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State Infertility Insurance Laws

Posted Jun 12 2009 11:57pm
If a state is not listed here, or if you have questions about insurance laws in your state, please call your state's Insurance Commissioner's office.

To learn about pending legislation in your state, please contact your State Representatives.

The Employment Retirement Income and Security Act of 1974 exempts companies that self-insure from state regulation.


Arkansas

This law requires all health insurers that cover maternity benefits to cover the cost of in vitro fertilization (IVF) Health maintenance organizations, commonly called HMOs, are exempt from the law. Patients need to meet the following conditions in order to get their IVF covered:
The patient must be the policyholder or the spouse of the policyholder and be covered by the policy;

The patient's eggs must be fertilized with her spouse's sperm;

The patient and her spouse must have at least a two-year history of unexplained infertility, OR the infertility must be associated with one or more of the following conditions:
Endometriosis;
Fetal exposure to diethylstilbestrol, also known as DES;
Blocked or surgically removed fallopian tubes that are not a result of voluntary sterilization; or
Abnormal male factors contributing to the infertility.

The patient has not been able to achieve a successful pregnancy through any other less costly infertility treatment for which coverage is available under the policy.

IVF procedure must be performed at a medical facility licensed or certified by the Arkansas Department of Health. Those facilities certified by the Department of Health must conform to the American College of Obstetricians and Gynecologists guidelines for in vitro fertilization clinics or meet the American Fertility Society's (sic) minimal standards for programs of in vitro fertilization.
The IVF benefits are subject to the same deductibles and co-insurance payments as maternity benefits. The law also permits insurers to limit coverage to a lifetime maximum of $15,000. (Arkansas Statutes Annotated, Sections 23-85-137 and 23-86-118).

California

The California law requires certain insurers to offer coverage for infertility diagnosis and treatment. That means group health insurers covering hospital, medical or surgical expenses must let employers know infertility coverage is available. However, the law does not require those insurers to provide the coverage; nor does it force employers to include it in their employee insurance plans.

The law defines infertility as:

The presence of a demonstrated condition recognized by a licensed physician and surgeon as a cause of infertility; or
The inability to conceive a pregnancy or carry a pregnancy to a live birth after a year or more of sexual relations without contraception.
The law defines treatment as including, but not limited to:
Diagnosis and diagnostic tests;
Medication;
Surgery; and
Gamete Intrafallopian Transfer, also known as GIFT.
The law specifically exempts insurers from having to offer in vitro fertilization coverage. Also, the law does not require employers that are religious organizations to offer coverage for treatment that conflicts with the organization's religious and ethical purposes. (California Health and Safety Code, Section 1374.55).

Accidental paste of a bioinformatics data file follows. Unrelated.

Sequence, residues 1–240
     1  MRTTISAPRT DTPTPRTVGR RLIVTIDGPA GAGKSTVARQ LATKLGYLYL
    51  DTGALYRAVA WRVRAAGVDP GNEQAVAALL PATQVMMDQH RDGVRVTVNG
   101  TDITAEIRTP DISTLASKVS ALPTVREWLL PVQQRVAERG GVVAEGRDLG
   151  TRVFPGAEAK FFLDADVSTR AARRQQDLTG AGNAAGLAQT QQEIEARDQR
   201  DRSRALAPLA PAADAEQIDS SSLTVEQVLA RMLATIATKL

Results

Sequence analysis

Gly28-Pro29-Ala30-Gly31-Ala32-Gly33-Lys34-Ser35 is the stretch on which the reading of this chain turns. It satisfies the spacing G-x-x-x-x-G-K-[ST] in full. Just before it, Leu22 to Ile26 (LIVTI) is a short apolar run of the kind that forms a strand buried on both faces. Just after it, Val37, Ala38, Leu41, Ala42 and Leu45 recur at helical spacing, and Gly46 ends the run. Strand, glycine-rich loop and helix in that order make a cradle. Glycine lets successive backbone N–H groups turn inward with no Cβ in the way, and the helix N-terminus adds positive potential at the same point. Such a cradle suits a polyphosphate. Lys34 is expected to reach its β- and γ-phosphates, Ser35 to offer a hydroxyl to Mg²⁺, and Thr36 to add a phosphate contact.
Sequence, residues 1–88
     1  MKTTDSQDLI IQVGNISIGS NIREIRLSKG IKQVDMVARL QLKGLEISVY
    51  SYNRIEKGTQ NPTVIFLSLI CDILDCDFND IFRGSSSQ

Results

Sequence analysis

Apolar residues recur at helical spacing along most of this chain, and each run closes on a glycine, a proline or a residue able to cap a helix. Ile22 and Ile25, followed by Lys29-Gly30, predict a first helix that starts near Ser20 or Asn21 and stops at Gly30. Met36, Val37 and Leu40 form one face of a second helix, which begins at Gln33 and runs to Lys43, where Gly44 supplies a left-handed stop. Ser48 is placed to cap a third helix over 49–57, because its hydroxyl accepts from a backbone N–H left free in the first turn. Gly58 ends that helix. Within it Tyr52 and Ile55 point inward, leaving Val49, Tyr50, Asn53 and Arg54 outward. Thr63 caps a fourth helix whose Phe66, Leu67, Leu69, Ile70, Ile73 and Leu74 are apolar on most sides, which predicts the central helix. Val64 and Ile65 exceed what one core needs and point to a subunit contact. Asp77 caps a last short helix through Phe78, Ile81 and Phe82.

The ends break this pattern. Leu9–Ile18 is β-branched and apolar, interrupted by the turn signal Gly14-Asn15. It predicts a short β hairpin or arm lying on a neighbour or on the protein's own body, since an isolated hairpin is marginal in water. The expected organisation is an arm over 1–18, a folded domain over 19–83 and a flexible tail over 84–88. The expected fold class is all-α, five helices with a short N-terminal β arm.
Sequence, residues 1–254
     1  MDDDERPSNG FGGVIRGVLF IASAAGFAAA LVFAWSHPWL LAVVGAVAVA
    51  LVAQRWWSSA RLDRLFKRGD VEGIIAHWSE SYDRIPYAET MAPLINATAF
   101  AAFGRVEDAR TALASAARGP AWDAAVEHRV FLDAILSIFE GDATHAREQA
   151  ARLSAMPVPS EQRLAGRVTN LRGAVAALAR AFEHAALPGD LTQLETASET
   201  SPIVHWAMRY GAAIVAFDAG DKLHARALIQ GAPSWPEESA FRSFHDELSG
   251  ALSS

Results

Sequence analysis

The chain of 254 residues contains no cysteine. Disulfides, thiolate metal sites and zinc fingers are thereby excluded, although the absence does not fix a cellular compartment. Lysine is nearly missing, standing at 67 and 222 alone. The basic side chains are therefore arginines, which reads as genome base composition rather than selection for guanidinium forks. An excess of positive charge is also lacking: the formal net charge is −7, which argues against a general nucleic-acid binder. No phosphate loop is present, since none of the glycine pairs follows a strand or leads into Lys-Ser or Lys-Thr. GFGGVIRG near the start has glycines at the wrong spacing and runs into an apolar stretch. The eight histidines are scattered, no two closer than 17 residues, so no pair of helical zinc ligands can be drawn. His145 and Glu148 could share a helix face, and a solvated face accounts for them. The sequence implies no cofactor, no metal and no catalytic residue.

Connecticut
Individual and group health insurance policies are required to cover medically necessary expenses for infertility diagnosis and treatment. Infertility is defined as the inability to conceive or sustain a successful pregnancy during a one-year period.

Covered treatments include ovulation induction, interuterine insemination, IVF, uterine embryo lavage, embryo transfer, GIFT, ZIFT, and low tubal embryo transfer. Coverage is limited to individuals who have maintained coverage under the policy for at least a year.

Some additional limitations apply:

The covered individual must be under 40 years of age;

There is a life-time coverage maximum of four cycles of ovulation induction, three cycles of IUI, and two cycles of IVF, GIFT, ZIFT, or low tubal embryo transfer (with not more than two embryo transfers per cycle);

Covered treatments must be performed at facilities that conform to standards and guidelines developed by ASRM or SREI.

Individuals seeking coverage must disclose to their insurance carrier any prior infertility treatments for which they received coverage under a different insurance policy. Religious employers are permitted to exclude coverage for treatments that are contrary to their bona fide religious tenets. (Public Act No.05-196)

Hawaii
The Hawaii law requires certain insurance plans to provide a one-time only benefit for outpatient costs resulting from in vitro fertilization. Those plans include individual and group health insurance plans, hospital contracts or medical service plan contracts that provide pregnancy-related benefits. Patients need to meet the following conditions in order to get their IVF covered:

The patient's eggs must be fertilized with her spouse's sperm;
The patient or the patient's spouse must have at least a five-year history of infertility;